While many of the activities we enjoy while camping involve the entire family, Terry and I do share a favorite pastime in which the rest of our family does not typically engage, due largely to the time of day at which we do it: paddling. A common vacation destination for a long weekend is the northern part of our home state of Wisconsin and we have taken to exploring as many of the wild lakes in northern Wisconsin as we can manage to visit.
We had been avid paddlers for many years, spending many happy hours during our now-teenaged children’s toddler and early school years in our Oldtowne canoe. Since they have been old enough to stay on their own, however, we’ve graduated to a tandem kayak that we enjoy paddling. We like to get out as early as we can rouse ourselves, often on Sunday mornings of a camping week or weekend, ideally hitting our chosen waters by 6:00 or 6:30 am, which explains why we do this sans children.
One particular area of the northwoods of Wisconsin that we often frequent is Vilas County, which boasts a multitude of beautiful, unspoiled lakes as well as a chain of lakes or two, as well as our favorite forest service campgrounds nearby in which to camp. There are, in fact, over 1,320 lakes in Vilas County, 563 named lakes and 757 unnamed lakes, more than any other county in the state, resulting in one of the highest concentrations of inland freshwater lakes in the world. To discover them all, we do have our work cut out for us. We usually try to avoid the chain lakes in most cases, as they are too busy with motor boats and fishermen, even at that time of the morning, to suit our needs for a quiet paddle and a little peace and serenity.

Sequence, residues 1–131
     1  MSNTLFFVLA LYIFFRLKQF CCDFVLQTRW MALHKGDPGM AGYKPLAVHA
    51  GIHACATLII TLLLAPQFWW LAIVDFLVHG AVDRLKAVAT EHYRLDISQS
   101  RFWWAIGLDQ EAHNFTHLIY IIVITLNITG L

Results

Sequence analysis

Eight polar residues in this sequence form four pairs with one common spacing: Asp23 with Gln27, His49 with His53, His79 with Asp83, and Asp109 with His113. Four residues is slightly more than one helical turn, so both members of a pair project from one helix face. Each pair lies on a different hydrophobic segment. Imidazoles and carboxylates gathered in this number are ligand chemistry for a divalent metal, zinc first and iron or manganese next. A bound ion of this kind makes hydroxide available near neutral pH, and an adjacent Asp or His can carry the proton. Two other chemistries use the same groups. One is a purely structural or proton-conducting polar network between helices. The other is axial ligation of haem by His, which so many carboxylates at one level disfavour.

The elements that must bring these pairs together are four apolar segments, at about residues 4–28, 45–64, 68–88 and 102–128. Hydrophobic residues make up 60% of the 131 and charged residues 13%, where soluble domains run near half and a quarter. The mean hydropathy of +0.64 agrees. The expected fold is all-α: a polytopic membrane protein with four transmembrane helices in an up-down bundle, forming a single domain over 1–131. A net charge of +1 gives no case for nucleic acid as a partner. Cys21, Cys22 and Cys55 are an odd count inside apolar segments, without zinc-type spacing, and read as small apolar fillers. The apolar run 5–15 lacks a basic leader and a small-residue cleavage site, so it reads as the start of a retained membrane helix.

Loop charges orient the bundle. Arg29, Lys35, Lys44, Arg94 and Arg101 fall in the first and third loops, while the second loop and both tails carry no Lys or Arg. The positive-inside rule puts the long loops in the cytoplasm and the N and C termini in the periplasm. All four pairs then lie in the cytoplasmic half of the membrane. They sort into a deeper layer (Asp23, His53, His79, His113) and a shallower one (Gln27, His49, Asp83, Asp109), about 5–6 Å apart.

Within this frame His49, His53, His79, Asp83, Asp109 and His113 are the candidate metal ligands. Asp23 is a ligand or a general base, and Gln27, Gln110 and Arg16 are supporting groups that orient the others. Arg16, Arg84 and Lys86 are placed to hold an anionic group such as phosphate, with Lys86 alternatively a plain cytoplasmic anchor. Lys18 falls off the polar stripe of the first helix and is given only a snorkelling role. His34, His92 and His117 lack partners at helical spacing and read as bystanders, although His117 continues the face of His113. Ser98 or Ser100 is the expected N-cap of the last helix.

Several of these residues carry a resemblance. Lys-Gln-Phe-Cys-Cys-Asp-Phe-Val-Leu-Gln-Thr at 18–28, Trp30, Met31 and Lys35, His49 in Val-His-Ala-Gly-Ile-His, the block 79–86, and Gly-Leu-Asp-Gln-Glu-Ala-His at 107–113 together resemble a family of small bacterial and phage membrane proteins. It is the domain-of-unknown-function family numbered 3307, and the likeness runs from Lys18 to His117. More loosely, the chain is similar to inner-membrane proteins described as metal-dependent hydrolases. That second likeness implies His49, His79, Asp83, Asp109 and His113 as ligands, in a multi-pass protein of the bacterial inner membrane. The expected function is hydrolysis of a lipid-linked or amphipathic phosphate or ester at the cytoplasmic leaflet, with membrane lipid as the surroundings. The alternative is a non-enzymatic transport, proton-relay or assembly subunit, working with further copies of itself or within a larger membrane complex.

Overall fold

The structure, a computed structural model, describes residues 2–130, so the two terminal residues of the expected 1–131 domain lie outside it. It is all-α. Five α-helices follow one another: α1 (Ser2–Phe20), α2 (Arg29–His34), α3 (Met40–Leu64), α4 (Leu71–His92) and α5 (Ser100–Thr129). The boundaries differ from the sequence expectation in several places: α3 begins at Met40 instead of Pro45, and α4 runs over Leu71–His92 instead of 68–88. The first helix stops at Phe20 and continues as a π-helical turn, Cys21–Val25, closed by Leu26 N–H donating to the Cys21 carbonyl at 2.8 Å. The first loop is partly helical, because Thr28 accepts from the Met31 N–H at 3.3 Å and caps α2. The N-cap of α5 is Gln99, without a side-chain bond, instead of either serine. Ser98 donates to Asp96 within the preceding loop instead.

In the years we have been exploring these waters, we have not been disappointed with the variety of different lochs that we have discovered. Luna and White Deer Lakes, each so small they are listed even on a local lake map as a single location, Luna-White Deer. It was an unexpected delight to discover that they are actually two separate bodies of water, each with its own wilderness shoreline. Franklin Lake is the site of one of the most beautiful unspoiled campgrounds we have ever spent a night. One fall, we obtained a permit and gathered wild rice on a beautiful autumn afternoon on Allequash Lake. The rice stands so thick in the water, it is difficult to paddle through at times. Picturesque Butternut Lake is mostly wild with beautiful home sites sparsely scattered around its perimeter and is near enough to Franklin to provide for a very enjoyable camping experience as well.
In my next post I will describe a lovely paddle we enjoyed on a recent Sunday morning; an experience as spiritual as any church service.
For more information about things to do in Wisconsin, read more about Wisconsin camping.